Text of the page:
There are other factors in play. The speed at which society moves in the 21st Century is simply too fast for the four-year degree to to have any hope of staying relevant, let alone keeping up. Almost every major university offers free courses in a wide variety of subjects so it is possible for a high school graduate to craft the equivalent of a Bachelors or Masters and complete it for a fraction of the cost and in half the time. Ah, but without having completed the paper chase, how can such an industrious individual establish for a potential employer that they have the requisite competence?

Adam Grant has it right. Credentials are overrated. So how can we assess the quality and potential of team candidates? Grant identifies three key mistakes interviewers make in the interview process.

  1. They ask they wrong kinds of questions.
  2. They focus on the wrong criteria.
  3. They’re overly influenced by the best talkers.

If, as Grant suggests, job interviews are broken than conducting remote job interviews in the midst of a pandemic are significantly more challenging. In this post, I wish to speak to the second mistake identified by Grant and write about what we can do to identify our criteria, what we can do during an interview to elicit information about the candidate’s qualifications, and a strategy for improving the efficacy of remote job interviews.

Identify Important Criteria

For the sake of example, we’ll engage in a little time travel into the future and imagine having hired the perfect product owner candidate. What tasks encountered in your work day are no longer an issue with the new candidate on board? Is the product backlog now well-maintained and in a healthy state? Does the sprint runway extend out 4-5 (or more) sprints? Has a stable sprint velocity emerged (suggesting that the user stories are of higher quality and understood better by the team)? Do conflicts between areas of the business occur less frequently than in the past? Are stakeholders pleased with the results they see at sprint and increment reviews?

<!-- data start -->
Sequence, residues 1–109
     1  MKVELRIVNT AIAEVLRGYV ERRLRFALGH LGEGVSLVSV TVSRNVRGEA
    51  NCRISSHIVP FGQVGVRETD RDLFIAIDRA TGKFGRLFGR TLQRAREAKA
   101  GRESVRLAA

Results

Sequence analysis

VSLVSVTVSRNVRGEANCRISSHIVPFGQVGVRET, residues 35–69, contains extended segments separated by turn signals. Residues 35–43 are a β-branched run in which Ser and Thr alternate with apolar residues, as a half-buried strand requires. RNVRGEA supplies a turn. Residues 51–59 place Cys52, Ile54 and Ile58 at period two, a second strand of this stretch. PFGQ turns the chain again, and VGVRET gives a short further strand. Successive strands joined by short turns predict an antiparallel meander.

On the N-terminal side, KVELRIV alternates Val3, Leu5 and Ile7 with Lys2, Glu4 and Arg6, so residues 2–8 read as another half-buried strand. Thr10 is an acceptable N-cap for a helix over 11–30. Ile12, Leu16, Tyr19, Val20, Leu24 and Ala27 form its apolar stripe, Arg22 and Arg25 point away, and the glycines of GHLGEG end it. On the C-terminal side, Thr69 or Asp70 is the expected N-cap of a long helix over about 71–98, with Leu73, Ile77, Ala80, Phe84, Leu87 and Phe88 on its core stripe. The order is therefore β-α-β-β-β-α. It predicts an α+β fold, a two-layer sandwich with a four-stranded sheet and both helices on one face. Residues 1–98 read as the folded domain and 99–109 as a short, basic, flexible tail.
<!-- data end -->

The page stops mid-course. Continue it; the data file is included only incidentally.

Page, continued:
If our example were for a scrum master candidate, we would ask ourselves different questions for eliciting important criteria for the position. Is there less conflict among team members? Does the team understand the purpose and value for determining the effort involved to complete a user story? And again, has a stable sprint velocity emerged?

In addition to considering what hasn’t been working well (and therefore illuminating what skills you want a candidate to bring to the table) it is also important to include what has been working. It will not serve the organization if one set of problems are swapped for another. Perhaps, for example, the previous product owner was well liked by the team and helped the team maintain a positive morale, but had a poorly maintained product backlog that prevented a good approximation for a release date. It wouldn’t be much of an improvement if the new product owner kept a healthy product backlog but did so by driving the team as a tyrant might.

Test for Matching Skills